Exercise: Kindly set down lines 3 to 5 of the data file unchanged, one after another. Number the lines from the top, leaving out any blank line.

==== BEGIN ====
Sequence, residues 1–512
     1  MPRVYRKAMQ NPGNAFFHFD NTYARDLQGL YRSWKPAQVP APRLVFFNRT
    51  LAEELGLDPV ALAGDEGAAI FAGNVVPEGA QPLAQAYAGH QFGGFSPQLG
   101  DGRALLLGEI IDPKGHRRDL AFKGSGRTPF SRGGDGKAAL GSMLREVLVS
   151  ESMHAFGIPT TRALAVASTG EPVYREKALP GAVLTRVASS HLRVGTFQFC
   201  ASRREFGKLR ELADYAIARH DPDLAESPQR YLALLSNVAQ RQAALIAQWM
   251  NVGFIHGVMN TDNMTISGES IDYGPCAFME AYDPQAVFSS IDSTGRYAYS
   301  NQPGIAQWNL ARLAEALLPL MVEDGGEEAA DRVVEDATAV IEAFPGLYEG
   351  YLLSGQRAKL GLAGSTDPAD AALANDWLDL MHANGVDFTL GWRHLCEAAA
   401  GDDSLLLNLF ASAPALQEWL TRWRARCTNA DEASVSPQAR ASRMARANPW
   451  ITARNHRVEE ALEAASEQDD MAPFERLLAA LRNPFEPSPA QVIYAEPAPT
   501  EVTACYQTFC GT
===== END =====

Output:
    51  LAEELGLDPV ALAGDEGAAI FAGNVVPEGA QPLAQAYAGH QFGGFSPQLG
   101  DGRALLLGEI IDPKGHRRDL AFKGSGRTPF SRGGDGKAAL GSMLREVLVS
   151  ESMHAFGIPT TRALAVASTG EPVYREKALP GAVLTRVASS HLRVGTFQFC